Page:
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wilful mistake of the whole matter, had taken so deep root in the imagination of this king, that whether to the English or to the Scot, mentioning what acts of his regal office (though God knows how unwillingly) he had passed, he calls them, as in other places, acts of grace and bounty, so here special obligations, favors, to gratify active spirits, and the desires of that party;' words not only sounding pride and lordly usurpation, but injustice, partiality, and corruption. For to the Irish he so far condescended, as first to tolerate in private, then to covenant openly the tolerating of popery; so far to the Scot, as to remove bishops, establish presbytery, and the militia in their own hands; preferring, as some thought, the desires of Scotland before his own interest and honor. But being once on this side Tweed, his reason, his conscience, and his honor became so frightened with a kind of false virginity, that to the English neither one nor other of the same demands could be granted, wherewith the Scots were gratified; as if our air and climate on a sudden had changed the property and the nature both of conscience, honor, and reason, or that he found none so fit as English to be the subjects of his arbitrary power. Ireland was as Ephraim, the strength of his head; Scotland as Judah, was his lawgiver; but over England, as over Edom, he meant to cast his shoe; and yet so many sober Englishmen not sufficiently awake to consider this, like men enchanted with the Circæan cup of servitude, will not be held back from running their own heads into the yoke of bondage.
The sum of his discourse is against settling of religion by violent means, which whether it were the Scots' design upon England, they are best able to clear themselves. But this of all may seem strangest, that the king, who, while it was permitted him, never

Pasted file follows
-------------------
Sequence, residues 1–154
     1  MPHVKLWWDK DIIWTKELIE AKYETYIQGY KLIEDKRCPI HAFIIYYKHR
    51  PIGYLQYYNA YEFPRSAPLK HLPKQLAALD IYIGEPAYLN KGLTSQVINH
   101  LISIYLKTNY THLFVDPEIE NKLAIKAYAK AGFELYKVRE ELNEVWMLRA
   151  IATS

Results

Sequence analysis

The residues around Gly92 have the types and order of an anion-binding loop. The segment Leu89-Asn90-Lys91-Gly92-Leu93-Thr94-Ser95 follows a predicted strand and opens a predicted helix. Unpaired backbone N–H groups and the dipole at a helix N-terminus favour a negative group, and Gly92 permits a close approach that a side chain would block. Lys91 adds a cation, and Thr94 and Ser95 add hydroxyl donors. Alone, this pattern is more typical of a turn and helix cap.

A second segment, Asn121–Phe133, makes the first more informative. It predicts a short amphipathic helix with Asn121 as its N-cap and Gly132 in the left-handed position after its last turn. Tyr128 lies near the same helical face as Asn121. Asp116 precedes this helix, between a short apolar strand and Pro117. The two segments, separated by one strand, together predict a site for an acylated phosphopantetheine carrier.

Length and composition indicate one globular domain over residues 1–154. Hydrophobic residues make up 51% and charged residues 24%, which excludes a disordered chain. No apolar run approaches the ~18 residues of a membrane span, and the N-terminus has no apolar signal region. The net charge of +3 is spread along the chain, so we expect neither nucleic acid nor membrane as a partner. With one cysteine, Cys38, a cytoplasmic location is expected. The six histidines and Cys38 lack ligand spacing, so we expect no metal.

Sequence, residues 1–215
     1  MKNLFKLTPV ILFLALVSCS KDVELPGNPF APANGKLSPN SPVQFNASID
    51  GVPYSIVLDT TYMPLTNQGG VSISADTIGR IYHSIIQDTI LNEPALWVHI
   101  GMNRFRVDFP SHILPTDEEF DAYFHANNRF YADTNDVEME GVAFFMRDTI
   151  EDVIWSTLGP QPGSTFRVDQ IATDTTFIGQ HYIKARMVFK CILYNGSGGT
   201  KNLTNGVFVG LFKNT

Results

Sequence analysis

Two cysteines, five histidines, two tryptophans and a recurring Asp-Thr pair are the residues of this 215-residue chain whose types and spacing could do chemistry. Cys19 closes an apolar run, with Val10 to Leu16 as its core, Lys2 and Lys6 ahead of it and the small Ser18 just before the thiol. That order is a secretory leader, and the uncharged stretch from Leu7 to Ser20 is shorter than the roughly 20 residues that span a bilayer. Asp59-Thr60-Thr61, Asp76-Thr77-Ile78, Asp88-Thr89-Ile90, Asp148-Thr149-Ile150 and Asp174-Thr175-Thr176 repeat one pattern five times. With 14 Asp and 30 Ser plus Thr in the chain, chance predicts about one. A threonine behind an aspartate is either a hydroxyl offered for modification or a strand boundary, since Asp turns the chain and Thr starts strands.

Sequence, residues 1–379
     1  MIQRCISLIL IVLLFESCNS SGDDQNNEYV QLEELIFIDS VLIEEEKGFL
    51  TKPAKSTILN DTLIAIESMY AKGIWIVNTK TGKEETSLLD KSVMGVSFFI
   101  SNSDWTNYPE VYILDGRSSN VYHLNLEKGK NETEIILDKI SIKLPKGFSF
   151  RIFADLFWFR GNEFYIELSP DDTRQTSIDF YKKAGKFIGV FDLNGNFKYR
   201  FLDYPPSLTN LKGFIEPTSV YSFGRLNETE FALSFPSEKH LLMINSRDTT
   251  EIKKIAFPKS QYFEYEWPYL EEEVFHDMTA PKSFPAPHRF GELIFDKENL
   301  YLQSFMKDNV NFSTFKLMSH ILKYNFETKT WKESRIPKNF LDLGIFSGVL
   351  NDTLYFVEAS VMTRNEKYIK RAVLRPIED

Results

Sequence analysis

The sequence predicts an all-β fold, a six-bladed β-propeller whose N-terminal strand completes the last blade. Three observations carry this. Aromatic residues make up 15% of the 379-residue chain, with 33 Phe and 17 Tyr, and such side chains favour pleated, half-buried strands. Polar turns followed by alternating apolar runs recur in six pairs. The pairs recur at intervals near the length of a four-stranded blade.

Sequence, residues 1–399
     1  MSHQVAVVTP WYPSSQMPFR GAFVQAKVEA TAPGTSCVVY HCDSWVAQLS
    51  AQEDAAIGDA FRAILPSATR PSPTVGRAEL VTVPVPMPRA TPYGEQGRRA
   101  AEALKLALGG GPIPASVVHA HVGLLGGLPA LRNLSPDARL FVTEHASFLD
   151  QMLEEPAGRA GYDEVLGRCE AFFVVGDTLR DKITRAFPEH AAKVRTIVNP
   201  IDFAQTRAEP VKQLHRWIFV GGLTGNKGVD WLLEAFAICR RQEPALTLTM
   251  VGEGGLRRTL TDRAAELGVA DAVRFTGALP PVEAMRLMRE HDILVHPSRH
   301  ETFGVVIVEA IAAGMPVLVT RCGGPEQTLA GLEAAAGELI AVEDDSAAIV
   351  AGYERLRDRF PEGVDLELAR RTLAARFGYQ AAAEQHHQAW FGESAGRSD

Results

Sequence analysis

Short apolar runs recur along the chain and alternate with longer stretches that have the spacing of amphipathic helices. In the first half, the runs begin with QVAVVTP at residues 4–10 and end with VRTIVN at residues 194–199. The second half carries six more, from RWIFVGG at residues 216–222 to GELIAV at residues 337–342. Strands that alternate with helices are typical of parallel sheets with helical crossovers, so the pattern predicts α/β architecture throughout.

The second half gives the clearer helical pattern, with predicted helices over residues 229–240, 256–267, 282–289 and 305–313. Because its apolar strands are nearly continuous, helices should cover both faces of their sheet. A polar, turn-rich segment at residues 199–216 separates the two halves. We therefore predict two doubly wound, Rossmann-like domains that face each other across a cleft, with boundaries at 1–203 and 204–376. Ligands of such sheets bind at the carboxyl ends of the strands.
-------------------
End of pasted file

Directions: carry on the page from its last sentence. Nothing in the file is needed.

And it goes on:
did thing more eagerly than to molest and persecute the consciences of most religious men; he who had made a war, and lost all, rather than not uphold a hierarchy of persecuting bishops, should have the confidence here to profess himself so much an enemy of those that force the conscience. For was it not he, who upon the English obtruded new ceremonies, upon the Scots a new liturgy, and with his sword went about to engrave a bloody rubric on their backs ? Did he not forbid and hinder all effectual search of truth, nay, like a besieging enemy, stopped all her passages both by word and writing ? Yet here can talk of fair and equal disputations ;' where notwithstanding, if all submit not to his judgment, as not being rationally convicted, they must submit (and he conceals it not) to his penalty, as counted obstinate. But what if he himself, and those his learned churchmen, were the convicted or the obstinate part long ago; should reformation suffer them to sit lording over the church in their fat bishoprics and pluralities, like the great whore that sitteth upon many waters, till they would vouchsafe to be disputed out? Or should we sit disputing, while they sat plotting and persecuting ? Those clergymen were not to be driven into the fold like sheep,' as his simile runs, but to be driven out of the fold like wolves or thieves, where they sat fleecing those flocks which they never fed.
He believes that presbytery, though proved to be the only institution of Jesus Christ, were not by the sword to be set up without his consent,' which is contrary both to the doctrine, and the known practice of all protestant churches, if his sword threaten those who of their own accord embrace it.
And although Christ and his apostles, being to civil affairs but private men, contended not with magistrates, yet when magistrates themselves, and especially
parliaments, who have greatest right to dispose of the civil sword, come to know religion, they ought in conscience to defend all those who receive it willingly, against the violence of any king or tyrant whatsoever. Neither is it therefore true, 'that Christianity is planted or watered with christian blood ;' for there is a large difference between forcing men by the sword to turn presbyterians, and defending those who willingly are so, from a furious inroad of bloody bishops, armed with the militia of a king, their pupil